Over the last two months, America has been having a long-overdue conversation about race, justice and equality in our society. At NBC Sports Washington, we wanted to further the dialogue by providing a forum for DMV-area sports figures who are thought leaders on these important issues.
NBC Sports Washington is launching the fourth part of an ongoing multiplatform content series entitled Race in America: Caps United for Change as part of the Washington Capitals’ initiatives related to diversity in hockey and racial equality.
This week, Capitals players Braden Holtby, Brenden Dillon, Garnet Hathaway and an alumus, Joel Ward, joined host Chris Miller for the last of these roundtable discussions to share their thoughts, experiences and how they’re using their platform in this fight. To watch the full interview, click here.
NBCSW will present Race in America: Caps United for Change as a five-part daily short-form digital video series on NBCSportsWashington.com, with new episodes published today, Monday, Aug. 17, through Friday, Aug. 21, and as a 30-minute television special, which debuted on Tuesday, August 18, at 6:30 p.m. before Game 4 of the Capitals-Islanders first-round Stanley Cup Playoff series.
There are few hockey players in the NHL as outspoken when it comes to social justice as Capitals goalie Braden Holtby.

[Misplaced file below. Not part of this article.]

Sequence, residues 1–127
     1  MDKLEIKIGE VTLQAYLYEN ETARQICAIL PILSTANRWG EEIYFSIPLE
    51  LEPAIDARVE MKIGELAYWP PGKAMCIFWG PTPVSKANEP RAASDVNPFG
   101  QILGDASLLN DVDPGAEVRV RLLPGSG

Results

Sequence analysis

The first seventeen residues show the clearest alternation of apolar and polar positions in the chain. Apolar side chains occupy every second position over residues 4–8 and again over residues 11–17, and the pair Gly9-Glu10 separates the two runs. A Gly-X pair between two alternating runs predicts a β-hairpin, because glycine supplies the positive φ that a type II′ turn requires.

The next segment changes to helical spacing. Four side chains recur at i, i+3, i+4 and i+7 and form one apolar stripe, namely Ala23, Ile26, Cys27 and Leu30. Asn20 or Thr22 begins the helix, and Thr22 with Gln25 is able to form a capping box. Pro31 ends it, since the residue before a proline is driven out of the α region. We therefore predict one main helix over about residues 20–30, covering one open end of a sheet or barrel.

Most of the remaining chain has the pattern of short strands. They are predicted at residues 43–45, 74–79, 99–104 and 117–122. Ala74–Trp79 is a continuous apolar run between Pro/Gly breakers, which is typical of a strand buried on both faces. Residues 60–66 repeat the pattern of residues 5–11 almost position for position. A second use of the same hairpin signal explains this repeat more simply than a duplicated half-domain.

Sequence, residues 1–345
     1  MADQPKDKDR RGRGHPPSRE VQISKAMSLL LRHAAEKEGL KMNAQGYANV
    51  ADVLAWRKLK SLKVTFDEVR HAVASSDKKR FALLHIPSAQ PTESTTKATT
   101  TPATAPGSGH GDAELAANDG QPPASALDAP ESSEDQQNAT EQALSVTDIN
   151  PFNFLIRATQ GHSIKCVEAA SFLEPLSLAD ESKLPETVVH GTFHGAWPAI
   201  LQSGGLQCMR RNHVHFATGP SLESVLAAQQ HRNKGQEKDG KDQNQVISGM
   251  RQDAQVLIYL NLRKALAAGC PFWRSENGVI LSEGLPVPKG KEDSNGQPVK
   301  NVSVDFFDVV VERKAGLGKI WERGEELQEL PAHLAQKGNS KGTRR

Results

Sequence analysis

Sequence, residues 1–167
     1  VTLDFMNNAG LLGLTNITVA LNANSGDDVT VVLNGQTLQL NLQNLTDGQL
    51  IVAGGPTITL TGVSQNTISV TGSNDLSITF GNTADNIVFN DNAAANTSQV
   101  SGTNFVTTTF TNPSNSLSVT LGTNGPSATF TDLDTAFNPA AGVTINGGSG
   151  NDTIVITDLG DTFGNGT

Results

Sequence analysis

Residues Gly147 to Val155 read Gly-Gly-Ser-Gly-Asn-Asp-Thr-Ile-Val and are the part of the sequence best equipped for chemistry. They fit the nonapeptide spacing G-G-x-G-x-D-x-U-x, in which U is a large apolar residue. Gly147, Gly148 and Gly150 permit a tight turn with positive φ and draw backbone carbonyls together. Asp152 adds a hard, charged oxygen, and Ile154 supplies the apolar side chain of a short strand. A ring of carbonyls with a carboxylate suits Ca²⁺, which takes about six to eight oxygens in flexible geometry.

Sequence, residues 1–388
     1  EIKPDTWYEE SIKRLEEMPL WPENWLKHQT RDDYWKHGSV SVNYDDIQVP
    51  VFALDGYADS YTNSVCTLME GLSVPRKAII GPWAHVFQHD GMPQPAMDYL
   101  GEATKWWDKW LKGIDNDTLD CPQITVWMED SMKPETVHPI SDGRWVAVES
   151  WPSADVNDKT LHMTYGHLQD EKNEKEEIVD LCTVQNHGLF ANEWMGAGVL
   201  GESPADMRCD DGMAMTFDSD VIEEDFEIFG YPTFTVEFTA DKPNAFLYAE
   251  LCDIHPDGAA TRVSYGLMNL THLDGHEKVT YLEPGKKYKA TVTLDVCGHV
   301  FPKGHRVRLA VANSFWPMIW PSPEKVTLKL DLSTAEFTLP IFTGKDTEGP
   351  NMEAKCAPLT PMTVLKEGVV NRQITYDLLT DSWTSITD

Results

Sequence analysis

When George Floyd was murdered, however, Holtby knew speaking out was not enough. He wanted to learn why.
“The last few months, I think you start asking yourself why a little bit more,” Holtby said. “Why has this happened repeatedly?”
Holtby decided to seek out that answer and was shocked by what he found.
NBC Sports Washington’s Chris Miller spoke with Holtby for a discussion on Racism in America. The Caps netminder shared how he sought to educate himself and what he learned about the systemic racism in the United States.
Holtby referenced the book “Lies my Teacher Told Me” by James Loewen which is a book on American history. He also watched a documentary by Ava DuVernay titled “13th.”
After educating himself, Holtby walked away with a greater understanding of the history of racism in America and why it it has been so difficult to remove it from the culture.
“It opened my mind a lot to just the history and how things have stockpiled and snowballed into this state we’re in now,” Holtby said. “You see little things more and more you don’t notice every day based on slavery and racism that still we see it in 2020. A lot of people don’t have the knowledge of what those things mean.”
The death of Floyd and subsequent protests have left many wondering what things they can do to help break the country free from that cloud of racism that persists within this country. Many don’t think about the benefit of educating themselves as to the history of racism, but learning the history of America and how racism has been a part of that history, we can gain a better understanding of all the ways in which racism manifests itself and how we can fight against it.
Said Holtby, “It’s obviously something I’ve never experienced, but it’s so disgusting to watch and you just can’t believe in these times that it keeps happening.”